It’s Monday evening, May 1st, International Workers’ Day, also known as May Day. When I realized this, I had a sudden urge to reread Margaret Atwood’s The Handmaid’s Tale, but alas, I have too many children’s books to read to indulge in such a wonderful read.
Speaking of children’s books, I read a book last week that I think was too long and frightening for my award’s grade level, suitable more for young adults, so that took up most of my reading time. Of course I can’t tell you what it was or anything about it. Sorry!
Then I went back to my book club selection for this coming Saturday, The Push by Ashley Audrain, which I began a couple of weeks ago but put down almost immediately because it wasn’t grabbing me. The novel, the debut by this Canadian author, tells the story of Blythe Connor, a young mother who seems to have it all, a loving husband and a beautiful daughter. Her own mother was cold and distant, and Blythe determines to be the opposite with her own daughter. Then Blythe begins to suspect that Violet’s behaviour is manipulative and that she is not to be trusted. Is this true, or is Blythe suffering from delusions and/or mental health issues similar to those that run in her family? When Blythe has a second child, Sam is everything she wished for the first time around, but when tragedy strikes, Blythe is unable to move past the grief to fulfill her role in the lives of her family. What happened that fateful day? Is it as Blythe remembers, or is the truth something completely different? And how will they all move on from here? This book picked up after what I consider to be a slow beginning, and became somewhat of a roller coaster ride through Blythe’s thoughts and experiences as she tries to process what has become her new normal. Is she a reliable narrator? Are her suspicions true? Or is she just suffering in the "maternal instinct" department as her mother and grandmother did decades before? I found it a bit hard to follow, as we have three different points of view from three different time periods, but no names as chapter headings, but once it got flowing, it began to make more sense. And the ending was exactly what I needed. This book might be what would happen if We need to talk about Kevin met The other black girl, with a splash of Girl on a train. It was very good, not great, a bit overlong and repetitive, but overall I think it’ll be a great book club discussion book.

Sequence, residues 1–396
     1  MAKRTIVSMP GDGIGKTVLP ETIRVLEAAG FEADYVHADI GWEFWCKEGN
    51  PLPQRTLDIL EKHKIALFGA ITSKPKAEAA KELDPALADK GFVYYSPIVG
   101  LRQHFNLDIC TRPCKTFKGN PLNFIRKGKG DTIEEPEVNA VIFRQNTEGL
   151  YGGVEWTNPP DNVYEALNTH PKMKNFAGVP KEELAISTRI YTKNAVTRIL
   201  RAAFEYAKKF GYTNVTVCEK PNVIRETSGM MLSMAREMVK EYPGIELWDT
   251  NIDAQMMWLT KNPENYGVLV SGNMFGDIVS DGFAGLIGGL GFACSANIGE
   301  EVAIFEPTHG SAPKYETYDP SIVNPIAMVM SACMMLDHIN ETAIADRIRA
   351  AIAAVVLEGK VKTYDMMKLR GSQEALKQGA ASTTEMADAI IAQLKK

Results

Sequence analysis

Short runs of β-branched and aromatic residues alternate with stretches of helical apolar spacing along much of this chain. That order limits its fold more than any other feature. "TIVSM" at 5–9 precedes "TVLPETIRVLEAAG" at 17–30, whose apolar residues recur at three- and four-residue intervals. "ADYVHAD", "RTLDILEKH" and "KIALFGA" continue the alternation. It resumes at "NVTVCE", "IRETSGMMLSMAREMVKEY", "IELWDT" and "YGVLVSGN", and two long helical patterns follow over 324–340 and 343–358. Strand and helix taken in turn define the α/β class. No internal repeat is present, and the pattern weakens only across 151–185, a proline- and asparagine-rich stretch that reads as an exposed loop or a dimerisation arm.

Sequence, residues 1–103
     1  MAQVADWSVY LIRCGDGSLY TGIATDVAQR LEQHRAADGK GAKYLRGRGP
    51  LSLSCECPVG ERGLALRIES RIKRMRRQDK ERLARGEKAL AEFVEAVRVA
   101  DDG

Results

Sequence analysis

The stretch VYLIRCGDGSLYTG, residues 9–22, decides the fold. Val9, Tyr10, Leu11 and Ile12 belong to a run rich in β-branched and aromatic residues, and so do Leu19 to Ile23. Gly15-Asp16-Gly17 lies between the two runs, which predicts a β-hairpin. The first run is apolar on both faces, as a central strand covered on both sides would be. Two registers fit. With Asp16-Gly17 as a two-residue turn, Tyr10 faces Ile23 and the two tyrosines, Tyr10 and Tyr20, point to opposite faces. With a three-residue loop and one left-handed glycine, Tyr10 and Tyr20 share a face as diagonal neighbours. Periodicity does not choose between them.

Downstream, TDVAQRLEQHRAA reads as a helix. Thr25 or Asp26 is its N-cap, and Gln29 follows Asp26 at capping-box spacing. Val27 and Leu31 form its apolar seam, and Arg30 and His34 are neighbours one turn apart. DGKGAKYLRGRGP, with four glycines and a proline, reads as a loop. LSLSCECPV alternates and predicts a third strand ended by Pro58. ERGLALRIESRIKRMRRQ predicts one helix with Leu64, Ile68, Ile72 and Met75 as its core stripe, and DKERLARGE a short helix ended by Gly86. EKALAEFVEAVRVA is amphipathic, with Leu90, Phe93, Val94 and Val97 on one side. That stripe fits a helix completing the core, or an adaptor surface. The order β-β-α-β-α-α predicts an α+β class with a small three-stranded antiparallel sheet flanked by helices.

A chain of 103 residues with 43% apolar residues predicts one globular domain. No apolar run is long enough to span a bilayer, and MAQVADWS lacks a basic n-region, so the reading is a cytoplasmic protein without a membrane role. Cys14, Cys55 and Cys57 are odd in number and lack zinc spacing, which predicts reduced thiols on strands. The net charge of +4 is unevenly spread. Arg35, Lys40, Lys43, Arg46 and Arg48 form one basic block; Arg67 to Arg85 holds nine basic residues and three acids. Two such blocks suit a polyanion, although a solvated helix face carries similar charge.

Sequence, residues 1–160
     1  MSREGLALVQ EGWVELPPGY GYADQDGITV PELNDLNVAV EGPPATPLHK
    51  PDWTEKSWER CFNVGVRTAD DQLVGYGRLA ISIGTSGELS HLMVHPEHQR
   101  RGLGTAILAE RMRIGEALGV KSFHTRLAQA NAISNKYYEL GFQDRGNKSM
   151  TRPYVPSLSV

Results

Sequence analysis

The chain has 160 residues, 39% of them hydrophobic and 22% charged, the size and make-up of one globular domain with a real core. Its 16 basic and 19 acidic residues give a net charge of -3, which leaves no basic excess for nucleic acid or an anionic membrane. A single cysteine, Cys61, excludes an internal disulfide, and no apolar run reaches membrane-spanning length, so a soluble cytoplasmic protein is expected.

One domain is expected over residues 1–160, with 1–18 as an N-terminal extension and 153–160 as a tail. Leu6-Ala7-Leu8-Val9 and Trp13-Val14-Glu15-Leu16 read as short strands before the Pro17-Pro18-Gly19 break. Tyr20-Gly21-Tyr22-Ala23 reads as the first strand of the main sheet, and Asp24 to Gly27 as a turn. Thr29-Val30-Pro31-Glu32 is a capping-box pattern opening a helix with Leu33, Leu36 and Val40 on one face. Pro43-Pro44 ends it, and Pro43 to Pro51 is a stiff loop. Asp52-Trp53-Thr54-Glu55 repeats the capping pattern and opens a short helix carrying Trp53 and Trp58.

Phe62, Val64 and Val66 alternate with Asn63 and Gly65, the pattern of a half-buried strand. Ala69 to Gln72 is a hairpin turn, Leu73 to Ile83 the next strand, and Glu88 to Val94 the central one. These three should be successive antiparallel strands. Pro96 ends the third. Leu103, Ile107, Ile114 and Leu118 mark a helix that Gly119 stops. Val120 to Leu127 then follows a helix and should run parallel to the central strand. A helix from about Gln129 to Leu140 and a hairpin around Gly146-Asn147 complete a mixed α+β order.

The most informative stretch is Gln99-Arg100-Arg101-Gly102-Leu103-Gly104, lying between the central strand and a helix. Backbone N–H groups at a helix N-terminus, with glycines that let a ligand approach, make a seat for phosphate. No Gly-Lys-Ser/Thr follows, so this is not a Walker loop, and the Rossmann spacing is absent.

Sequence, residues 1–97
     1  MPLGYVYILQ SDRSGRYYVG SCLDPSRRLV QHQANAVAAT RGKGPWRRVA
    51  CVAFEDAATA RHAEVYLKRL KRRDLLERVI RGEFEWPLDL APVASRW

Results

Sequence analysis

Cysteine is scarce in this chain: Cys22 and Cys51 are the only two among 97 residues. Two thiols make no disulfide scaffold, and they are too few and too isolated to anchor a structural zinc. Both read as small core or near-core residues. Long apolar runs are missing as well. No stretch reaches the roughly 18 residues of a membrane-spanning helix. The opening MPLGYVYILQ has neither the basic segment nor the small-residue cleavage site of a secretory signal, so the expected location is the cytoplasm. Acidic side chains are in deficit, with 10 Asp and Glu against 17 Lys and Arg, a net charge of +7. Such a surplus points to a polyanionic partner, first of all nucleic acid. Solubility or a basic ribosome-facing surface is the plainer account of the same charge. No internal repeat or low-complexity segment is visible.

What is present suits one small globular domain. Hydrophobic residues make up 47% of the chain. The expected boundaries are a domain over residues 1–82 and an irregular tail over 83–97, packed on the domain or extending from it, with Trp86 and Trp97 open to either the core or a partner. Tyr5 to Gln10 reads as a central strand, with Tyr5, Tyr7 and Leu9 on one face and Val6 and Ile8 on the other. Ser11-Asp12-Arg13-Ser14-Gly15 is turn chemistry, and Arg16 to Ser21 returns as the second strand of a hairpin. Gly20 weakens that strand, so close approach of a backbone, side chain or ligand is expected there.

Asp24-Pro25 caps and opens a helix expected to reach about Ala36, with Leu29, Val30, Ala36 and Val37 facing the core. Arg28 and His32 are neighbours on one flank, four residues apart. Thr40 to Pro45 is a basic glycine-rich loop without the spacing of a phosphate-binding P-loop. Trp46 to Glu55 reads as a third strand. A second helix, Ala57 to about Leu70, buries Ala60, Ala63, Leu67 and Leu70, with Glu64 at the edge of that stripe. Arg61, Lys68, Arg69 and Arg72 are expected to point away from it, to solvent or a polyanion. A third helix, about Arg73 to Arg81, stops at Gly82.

That’s all for tonight.Bye for now… Julie
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